October 06, 2010
US Food Waste: 350 Million Barrels Of Oil Per Year?

Translated into the oil used to make it Americans might waste 350 million barrels of oil per year or almost 1 million barrels per day. That's almost 5% of current daily oil consumption.

WASHINGTON, Oct. 2, 2010 — Scientists have identified a way that the United States could immediately save the energy equivalent of about 350 million barrels of oil a year — without spending a penny or putting a ding in the quality of life: Just stop wasting food. Their study, reported in ACS' semi-monthly journal Environmental Science & Technology, found that it takes the equivalent of about 1.4 billion barrels of oil to produce, package, prepare, preserve and distribute a year's worth of food in the United States.

Michael Webber and Amanda Cuéllar note that food contains energy and requires energy to produce, process, and transport. Estimates indicate that between 8 and 16 percent of energy consumption in the United States went toward food production in 2007. Despite this large energy investment, the U.S. Department of Agriculture estimates that people in the U.S. waste about 27 percent of their food. The scientists realized that the waste might represent a largely unrecognized opportunity to conserve energy and help control global warming.

Whenever I read about energy waste I think of that as good news. If we did not waste any oil then we'd be much harder pressed to cut back when world oil production goes into permanent decline. But all those SUVs and the wasted food means we've got lots of areas where we can cut back on waste.

We also have the potential to save energy by using more energy efficient means to produce, process, and transport it. Changes in farming methods, more sold in bulk (therefore less packaging costs), greater use of rail, less use of air cargo, and other changes could (and eventually will) greatly reduce the amount of energy used per unit of food consumed.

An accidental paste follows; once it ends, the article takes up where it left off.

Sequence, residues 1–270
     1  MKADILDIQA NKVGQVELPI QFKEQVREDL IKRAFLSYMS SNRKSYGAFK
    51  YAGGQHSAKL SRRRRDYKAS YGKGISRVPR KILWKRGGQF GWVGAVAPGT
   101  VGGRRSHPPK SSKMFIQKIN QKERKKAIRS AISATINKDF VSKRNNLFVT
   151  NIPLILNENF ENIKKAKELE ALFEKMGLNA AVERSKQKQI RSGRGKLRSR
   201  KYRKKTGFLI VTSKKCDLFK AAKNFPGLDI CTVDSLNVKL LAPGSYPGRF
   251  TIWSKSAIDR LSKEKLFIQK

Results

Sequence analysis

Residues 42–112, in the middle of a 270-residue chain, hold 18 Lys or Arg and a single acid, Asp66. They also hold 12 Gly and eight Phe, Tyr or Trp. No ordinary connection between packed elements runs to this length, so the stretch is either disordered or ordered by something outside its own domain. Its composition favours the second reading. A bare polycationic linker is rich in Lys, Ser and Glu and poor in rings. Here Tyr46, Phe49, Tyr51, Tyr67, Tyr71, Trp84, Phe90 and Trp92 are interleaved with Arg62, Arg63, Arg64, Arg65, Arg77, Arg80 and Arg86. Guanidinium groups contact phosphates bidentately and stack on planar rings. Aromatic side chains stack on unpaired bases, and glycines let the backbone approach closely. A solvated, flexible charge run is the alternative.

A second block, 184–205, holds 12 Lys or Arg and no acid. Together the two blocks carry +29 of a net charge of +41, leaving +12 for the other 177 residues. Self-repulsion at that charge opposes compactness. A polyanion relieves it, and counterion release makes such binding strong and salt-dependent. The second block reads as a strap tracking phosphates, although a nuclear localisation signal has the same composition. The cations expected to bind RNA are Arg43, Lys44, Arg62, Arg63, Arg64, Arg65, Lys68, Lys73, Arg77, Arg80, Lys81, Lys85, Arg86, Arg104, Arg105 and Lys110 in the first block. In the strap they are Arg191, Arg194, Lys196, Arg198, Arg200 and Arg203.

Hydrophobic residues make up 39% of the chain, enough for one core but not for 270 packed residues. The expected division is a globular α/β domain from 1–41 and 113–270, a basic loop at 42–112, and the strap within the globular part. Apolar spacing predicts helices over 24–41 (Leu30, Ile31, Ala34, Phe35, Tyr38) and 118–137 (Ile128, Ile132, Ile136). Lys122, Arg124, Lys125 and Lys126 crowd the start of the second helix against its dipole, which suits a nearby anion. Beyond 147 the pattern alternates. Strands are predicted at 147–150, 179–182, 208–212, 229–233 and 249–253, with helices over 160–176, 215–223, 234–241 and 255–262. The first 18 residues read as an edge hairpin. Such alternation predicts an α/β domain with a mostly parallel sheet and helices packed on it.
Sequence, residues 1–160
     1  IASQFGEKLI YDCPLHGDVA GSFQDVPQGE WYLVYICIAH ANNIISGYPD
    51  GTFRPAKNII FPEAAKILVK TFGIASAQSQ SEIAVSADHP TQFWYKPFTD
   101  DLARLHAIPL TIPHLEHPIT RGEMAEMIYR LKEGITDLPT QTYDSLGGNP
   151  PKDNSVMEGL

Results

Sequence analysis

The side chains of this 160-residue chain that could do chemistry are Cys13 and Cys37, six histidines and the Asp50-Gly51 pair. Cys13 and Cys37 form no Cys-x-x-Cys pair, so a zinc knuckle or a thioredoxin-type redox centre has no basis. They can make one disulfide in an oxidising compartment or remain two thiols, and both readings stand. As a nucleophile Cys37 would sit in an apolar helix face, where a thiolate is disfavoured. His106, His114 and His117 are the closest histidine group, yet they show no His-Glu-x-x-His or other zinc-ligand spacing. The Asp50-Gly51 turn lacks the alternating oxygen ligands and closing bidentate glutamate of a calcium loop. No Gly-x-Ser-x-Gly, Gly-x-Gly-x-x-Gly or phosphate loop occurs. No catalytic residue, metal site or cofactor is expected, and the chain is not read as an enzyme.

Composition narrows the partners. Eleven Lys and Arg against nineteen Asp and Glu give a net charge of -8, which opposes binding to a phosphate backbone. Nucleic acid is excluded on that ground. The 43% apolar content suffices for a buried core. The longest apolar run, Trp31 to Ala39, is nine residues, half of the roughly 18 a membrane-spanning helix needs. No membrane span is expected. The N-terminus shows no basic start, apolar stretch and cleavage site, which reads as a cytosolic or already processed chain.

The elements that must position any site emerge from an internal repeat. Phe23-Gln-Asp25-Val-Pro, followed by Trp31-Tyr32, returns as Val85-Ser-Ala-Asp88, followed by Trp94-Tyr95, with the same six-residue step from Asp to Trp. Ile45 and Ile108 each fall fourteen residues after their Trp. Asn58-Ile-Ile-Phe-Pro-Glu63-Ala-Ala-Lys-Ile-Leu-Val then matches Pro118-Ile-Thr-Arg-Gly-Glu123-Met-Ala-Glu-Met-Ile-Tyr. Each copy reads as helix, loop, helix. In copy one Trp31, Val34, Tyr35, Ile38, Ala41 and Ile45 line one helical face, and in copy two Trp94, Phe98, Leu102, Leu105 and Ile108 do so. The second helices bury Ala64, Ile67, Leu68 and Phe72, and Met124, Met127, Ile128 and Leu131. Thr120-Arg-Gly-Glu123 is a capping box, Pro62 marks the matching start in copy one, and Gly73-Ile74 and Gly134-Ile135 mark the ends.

Share |      Randall Parker, 2010 October 06 10:04 PM  Energy Peak Oil Adaptations

Fat Man said at October 7, 2010 5:50 AM:

Another reason to eat your broccoli.

Nick G said at October 7, 2010 10:15 AM:

Two thoughts.

1st, they're talking about "the energy equivalent of about 350 million barrels of oil". The single largest food-related energy input is refrigeration.

2nd, forcing kids to eat everything on their plate in order to save food is a bad idea. Much better to reduce portion size, especially at restaurants.

Bruce said at October 7, 2010 2:50 PM:

I know. Lets have a planned economy where "experts" tell producers exactly how much food to produce and where to ship it.

It worked for the USSR!!!!

Randall Parker said at October 7, 2010 9:10 PM:


What's your source for the contribution of refrigeration? What's the absolute percentage for it? Also, does that include home refrigerators?


My point isn't to promote planning in food production or consumption. I do not think it wise to try to make people waste less food. It is just good to know we've got a buffer due to inefficiencies and waste.

Bruce said at October 7, 2010 11:09 PM:

Randall, have you considered that a choice results in some waste. That if there was zero waste, there would be lineups to ensure you got you loaf of bread or whatever you want.

This is just one a million studies attempting to foist central planning lack of choice on people in the name of mythical global warming.

The warmenists are guilt peddlers.

Randall Parker said at October 9, 2010 10:55 AM:


Decision-making has a cost. Gathering more information to make better decisions has a cost. Thinking about whether some left-overs in the fridge should get eaten has a cost. Eating left-overs of a disappointing dinner dish has a cost.

Or look at restaurants. Trying to avoid waste at a restaurant with more just-in-time buying has the cost of more frequent deliveries (labor and energy costs) as well as greater risk of running out of something that customers want.

I could go on. It is not surprising that a lot of food gets thrown away. There are other efficiencies and lifestyle considerations that cause waste.

Also, I get that some academics do research due to ideological desire to push some agenda. But that doesn't mean I can't find my own uses for their findings.

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